Speech Recognition Grammar Specification

The Speech Recognition Grammar Specification ( SRGS ) is a W3C standard that describes how speech recognition grammars (English speech recognition grammars ) can be specified. A speech recognition grammar is a set of word schemas that tell the speech recognition system that a man would say. For instance, if you invoke an automatic switching system, the speech recognition system according to the name of the person to ask, with which you want to talk. Thereafter, a voice recognition program is invoked to present a speech recognition grammar. This grammar contains the names of all persons in the directory and the various sentence patterns with which the caller typically call.

SRGS specifies two different but logically equivalent syntaxes, one is XML-based, the other uses the augmented BNF format. In practice, however, the XML syntax is used more often.

If the voice recognition program to return only a string of spoken words, the language software would have to take the very tedious job to extract the semantic meaning of the words. For this reason, SRGS grammars with tag elements can be designed that, when executed, produce the semantic result. SRGS does not specify the content of this tag elements: this is done in collaboration with the W3C standard Semantic Interpretation for Speech Recognition ( SISR ). SISR is based on ECMAScript and ECMAScript statements within the SRGS tags create an ECMAScript semantic result object that can be easily processed by the Voice Application.

Both SRGS and SISR are W3C recommendations, ie on the final stage on the way to the W3C standard. The W3C VoiceXML standard that defines how voice dialogs are specified, based heavily on SRGS and SISR.


Here is an example of the Augmented BNF form of SRGS, as might occur in a language directory application:

# ABNF 1.0 ISO -8859 -1; / / Default grammar language is English language de -DE; / / Single language attachment to tokens / / Note that " fr- CA" (Canadian French) is Applied to only / / The word " oui " because of precedence rules $ yes = yes | oui fr- CA; ! / / Single language attachment to at expansion $ people1 = ( Michel Tremblay | André Roy ) fr- CA; ! / / Handling language -specific pronunciations of the same word / / A Capable speech recognizer will listen for Mexican Spanish and / / U.S. English pronunciations. $ people2 = en-US Jose | Jose es-MX! ; / **   * Multi- lingual input possible   * @ Example may I speak to Andre Roy   * @ Example may I speak to Jose   * / public $ request = may I speak to ($ people1 | $ people2 ); Here is the same example as SRGS XML form:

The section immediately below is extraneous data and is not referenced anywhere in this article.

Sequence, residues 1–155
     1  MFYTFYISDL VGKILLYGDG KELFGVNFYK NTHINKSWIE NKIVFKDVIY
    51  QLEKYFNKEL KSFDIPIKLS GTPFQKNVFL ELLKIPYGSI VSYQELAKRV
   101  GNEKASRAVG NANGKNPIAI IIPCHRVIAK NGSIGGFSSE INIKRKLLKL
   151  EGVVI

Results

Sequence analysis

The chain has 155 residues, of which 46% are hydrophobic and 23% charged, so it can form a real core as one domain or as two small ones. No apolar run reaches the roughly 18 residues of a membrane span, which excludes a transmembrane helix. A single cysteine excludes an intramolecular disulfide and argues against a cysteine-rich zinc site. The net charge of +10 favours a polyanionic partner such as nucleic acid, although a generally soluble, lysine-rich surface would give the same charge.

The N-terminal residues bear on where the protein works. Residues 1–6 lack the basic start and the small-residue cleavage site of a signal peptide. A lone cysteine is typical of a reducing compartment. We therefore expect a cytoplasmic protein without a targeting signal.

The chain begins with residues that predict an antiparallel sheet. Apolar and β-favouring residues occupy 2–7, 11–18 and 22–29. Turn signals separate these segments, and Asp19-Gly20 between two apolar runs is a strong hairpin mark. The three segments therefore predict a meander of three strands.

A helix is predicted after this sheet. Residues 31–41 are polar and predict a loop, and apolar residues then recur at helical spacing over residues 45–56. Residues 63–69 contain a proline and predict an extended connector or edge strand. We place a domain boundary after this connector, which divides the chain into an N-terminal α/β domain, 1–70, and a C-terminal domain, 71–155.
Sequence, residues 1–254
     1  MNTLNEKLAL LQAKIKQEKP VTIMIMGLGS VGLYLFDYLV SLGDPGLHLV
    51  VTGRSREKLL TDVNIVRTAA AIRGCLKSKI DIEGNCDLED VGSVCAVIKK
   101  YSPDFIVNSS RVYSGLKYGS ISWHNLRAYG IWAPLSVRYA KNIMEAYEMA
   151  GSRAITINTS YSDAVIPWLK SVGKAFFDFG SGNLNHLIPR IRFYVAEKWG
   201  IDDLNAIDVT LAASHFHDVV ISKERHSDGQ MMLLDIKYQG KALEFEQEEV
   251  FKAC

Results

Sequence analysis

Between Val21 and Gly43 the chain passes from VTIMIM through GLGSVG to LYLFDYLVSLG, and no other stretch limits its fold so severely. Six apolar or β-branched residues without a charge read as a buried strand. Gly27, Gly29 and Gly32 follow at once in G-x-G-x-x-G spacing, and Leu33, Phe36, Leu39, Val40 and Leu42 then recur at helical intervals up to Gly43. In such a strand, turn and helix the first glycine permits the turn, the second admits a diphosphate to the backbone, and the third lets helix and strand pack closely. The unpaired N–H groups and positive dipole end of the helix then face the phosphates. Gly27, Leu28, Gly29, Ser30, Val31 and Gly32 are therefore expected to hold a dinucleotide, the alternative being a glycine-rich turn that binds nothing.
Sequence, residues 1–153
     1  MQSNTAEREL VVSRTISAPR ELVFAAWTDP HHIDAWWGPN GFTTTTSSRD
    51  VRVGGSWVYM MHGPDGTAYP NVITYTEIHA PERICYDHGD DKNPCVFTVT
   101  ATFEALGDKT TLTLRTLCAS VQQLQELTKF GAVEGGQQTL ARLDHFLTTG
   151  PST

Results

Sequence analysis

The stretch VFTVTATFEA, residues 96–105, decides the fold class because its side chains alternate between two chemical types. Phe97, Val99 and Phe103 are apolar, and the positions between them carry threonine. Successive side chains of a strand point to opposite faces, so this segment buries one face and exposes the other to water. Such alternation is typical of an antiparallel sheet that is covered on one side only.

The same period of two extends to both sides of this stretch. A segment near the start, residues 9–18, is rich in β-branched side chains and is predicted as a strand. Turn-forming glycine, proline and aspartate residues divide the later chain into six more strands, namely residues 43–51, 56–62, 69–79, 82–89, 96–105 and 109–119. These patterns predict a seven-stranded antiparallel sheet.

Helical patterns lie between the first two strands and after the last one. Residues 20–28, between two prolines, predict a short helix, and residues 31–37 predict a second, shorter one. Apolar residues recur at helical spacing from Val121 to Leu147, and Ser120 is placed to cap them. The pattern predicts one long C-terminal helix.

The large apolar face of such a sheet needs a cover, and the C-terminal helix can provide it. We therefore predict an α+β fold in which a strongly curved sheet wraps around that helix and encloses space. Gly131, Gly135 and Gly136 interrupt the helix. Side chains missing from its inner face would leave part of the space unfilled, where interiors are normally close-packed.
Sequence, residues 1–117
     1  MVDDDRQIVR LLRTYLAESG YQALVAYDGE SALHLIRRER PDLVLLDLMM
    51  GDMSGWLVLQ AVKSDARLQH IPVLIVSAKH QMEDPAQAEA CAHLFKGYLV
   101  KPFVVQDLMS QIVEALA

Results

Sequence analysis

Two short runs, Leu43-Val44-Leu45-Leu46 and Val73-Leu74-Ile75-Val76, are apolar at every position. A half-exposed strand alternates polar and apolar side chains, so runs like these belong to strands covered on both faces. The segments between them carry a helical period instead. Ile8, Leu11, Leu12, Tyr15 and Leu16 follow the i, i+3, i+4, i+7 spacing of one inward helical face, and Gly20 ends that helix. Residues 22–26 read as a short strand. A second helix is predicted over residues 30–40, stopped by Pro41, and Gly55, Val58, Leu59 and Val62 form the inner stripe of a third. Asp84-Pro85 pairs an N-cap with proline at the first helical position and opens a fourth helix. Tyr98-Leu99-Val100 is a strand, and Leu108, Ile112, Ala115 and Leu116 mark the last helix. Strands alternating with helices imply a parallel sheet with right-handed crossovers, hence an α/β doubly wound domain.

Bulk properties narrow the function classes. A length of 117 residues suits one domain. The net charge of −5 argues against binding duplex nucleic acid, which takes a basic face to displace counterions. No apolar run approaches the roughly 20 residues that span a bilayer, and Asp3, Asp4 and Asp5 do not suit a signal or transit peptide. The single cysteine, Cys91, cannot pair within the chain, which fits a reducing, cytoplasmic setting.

< DOCTYPE grammar PUBLIC "- / / W3C / / DTD GRAMMAR 1.0 / / EN "                    " http://www.w3.org/TR/speech-grammar/grammar.dtd " >   < - The default grammar language is U.S. English - > < grammar xmlns = " http://www.w3.org/2001/06/grammar "           xmlns: xsi = " http://www.w3.org/2001/XMLSchema-instance "           xsi: schemaLocation = " http://www.w3.org/2001/06/grammar                               http://www.w3.org/TR/speech-grammar/grammar.xsd "           xml: lang = "en -US" version = "1.0" >      < -       single language attachment to tokens       "yes" inherits U.S. English language       " oui " is Canadian French language    ->                joiners yes < / item>        oui < / item>              < - Single language attachment to at expansion ->                joiners Michel Tremblay < / item>        joiners Andre Roy < / item>              < -       Handling language -specific pronunciations of the same word       A speech recognizer Capable wants list for Mexican Spanish       and U.S. English pronunciations.    ->                Jose < / item>        Jose < / item>              < - Multi- lingual input is possible ->         may I speak with André Roy < / example>      may I speak with Jose < / example>        may I speak with             joiners < / item>        joiners < / item>         see also

  • SISR
  • VoiceXML